• Ulster Scots James and Philip

    This is Hame: Two Modern Ulster-Scots Poets

    James Fenton and Philip Robinson have been recently re-published by Ullans Press. Their books offer a window into that world – its language, humour, culture, religion and politics

  • Hopdance Review

    Hopdance

    Against a pre-Troubles Belfast, Stewart Parker's posthumous novel shows one of the city's favourite sons discovering what would become a seminal writing voice

  • Rule of the Land Garrett Carr

    The Rule of the Land

    With eloquence and tact, Garrett Carr charts a timely expedition along the line that divides and defines Ireland, its history and its people

  • Heaney Young

    Heaney, Sir! St Columb's Remembered

    One-time peers including Phil Coulter recall the poet's college years with revealing anecdotes, recitals and an audience panel

  • Sinead Moriarty.jpg

    The Way We Were

    Dublin author Sinéad Moriarty gives shelter to fiction fans in Bangor with an intimate discussion around her latest novel and writing career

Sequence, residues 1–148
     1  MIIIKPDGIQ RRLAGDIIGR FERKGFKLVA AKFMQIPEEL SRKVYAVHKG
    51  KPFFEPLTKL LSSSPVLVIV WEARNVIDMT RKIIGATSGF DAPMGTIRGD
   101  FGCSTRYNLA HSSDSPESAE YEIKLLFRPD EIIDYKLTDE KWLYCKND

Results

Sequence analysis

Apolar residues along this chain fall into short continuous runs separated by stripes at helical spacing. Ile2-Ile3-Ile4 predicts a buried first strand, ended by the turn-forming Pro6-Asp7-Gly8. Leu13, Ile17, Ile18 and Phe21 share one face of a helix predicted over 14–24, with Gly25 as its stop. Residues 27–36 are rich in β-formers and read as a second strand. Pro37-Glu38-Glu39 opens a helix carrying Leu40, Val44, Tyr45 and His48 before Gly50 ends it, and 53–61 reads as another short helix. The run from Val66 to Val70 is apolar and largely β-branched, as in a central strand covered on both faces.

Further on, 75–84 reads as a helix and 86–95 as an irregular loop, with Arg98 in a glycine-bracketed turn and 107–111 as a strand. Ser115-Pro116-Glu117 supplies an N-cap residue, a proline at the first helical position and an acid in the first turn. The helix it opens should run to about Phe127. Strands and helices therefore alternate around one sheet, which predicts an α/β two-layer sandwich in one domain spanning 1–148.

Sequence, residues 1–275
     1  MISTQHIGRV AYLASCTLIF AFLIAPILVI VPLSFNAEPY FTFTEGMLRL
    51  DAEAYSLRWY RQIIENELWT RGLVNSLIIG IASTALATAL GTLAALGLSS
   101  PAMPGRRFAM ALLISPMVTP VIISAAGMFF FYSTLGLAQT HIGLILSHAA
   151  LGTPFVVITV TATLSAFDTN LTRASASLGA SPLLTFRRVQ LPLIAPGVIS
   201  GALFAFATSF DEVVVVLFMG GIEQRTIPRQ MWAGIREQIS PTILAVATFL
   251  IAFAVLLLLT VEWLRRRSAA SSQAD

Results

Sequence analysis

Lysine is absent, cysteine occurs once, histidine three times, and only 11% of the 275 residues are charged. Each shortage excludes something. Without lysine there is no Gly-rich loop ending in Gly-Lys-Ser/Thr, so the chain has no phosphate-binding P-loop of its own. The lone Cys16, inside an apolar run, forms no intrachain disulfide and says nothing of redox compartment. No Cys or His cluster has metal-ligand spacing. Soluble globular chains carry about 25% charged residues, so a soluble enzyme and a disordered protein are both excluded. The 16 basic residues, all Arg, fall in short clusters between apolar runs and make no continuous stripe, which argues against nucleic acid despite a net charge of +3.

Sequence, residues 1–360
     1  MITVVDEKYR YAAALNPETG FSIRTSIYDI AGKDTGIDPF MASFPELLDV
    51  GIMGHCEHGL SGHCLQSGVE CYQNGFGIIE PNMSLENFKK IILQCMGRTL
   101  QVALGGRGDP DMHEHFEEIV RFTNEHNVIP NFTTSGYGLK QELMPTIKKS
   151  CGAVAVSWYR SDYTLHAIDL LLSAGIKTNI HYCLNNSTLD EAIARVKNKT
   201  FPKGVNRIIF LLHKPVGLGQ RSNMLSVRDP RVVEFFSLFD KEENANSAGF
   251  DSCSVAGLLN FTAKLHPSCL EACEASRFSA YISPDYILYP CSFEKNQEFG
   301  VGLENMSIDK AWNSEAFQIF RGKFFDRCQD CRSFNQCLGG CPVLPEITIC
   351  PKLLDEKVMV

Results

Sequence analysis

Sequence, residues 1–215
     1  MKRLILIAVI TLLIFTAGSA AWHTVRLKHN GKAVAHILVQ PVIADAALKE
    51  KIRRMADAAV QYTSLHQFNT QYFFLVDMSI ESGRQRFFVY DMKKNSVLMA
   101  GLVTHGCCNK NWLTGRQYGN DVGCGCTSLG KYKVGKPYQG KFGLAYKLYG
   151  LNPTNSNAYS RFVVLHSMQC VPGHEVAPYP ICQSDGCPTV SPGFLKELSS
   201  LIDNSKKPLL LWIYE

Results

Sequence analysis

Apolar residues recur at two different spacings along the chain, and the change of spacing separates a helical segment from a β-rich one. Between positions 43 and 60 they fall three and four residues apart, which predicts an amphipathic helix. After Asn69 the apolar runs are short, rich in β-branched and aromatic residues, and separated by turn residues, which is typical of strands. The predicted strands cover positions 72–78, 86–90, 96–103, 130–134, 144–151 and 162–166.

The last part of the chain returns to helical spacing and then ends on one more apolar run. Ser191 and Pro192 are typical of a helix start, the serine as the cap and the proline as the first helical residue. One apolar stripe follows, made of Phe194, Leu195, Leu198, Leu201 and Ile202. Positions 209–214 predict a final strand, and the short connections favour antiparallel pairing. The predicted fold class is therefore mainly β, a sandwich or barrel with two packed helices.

• Ulster Hall 1890

    The Musical Life of Nineteenth-Century Belfast

    Roy Johnston's posthumous chronicle of the formative period is an unprecedented work. Claire Savage reports from its launch at the Linen Hall Library

  • James Ellis Troubles Over the Bridge

    Troubles Over the Bridge

    James Ellis's memoir raises questions of the times that deprived the late actor of his true off-stage potential as well as the wider barriers art must often overcome

  • Ian Rankin 1

    An Evening with Ian Rankin

    The acclaimed author on why his latest release isn't 'really a Rebus novel', as the retired detective moves out on his own in the Scottish capital

  • Connolly McGilloway

    Brian McGilloway and John Connolly

    Two of Ireland's most accomplished crime authors trade literary lessons to mark the double launch of their latest books

  • Wheels

    The Wheels of the World: 300 Years of Uilleann Pipers

    From the Famine to the Fureys, Colin Harper leaves few stones unturned in his quest to trace the fortunes of Ireland's 'only' true indigenous instrument

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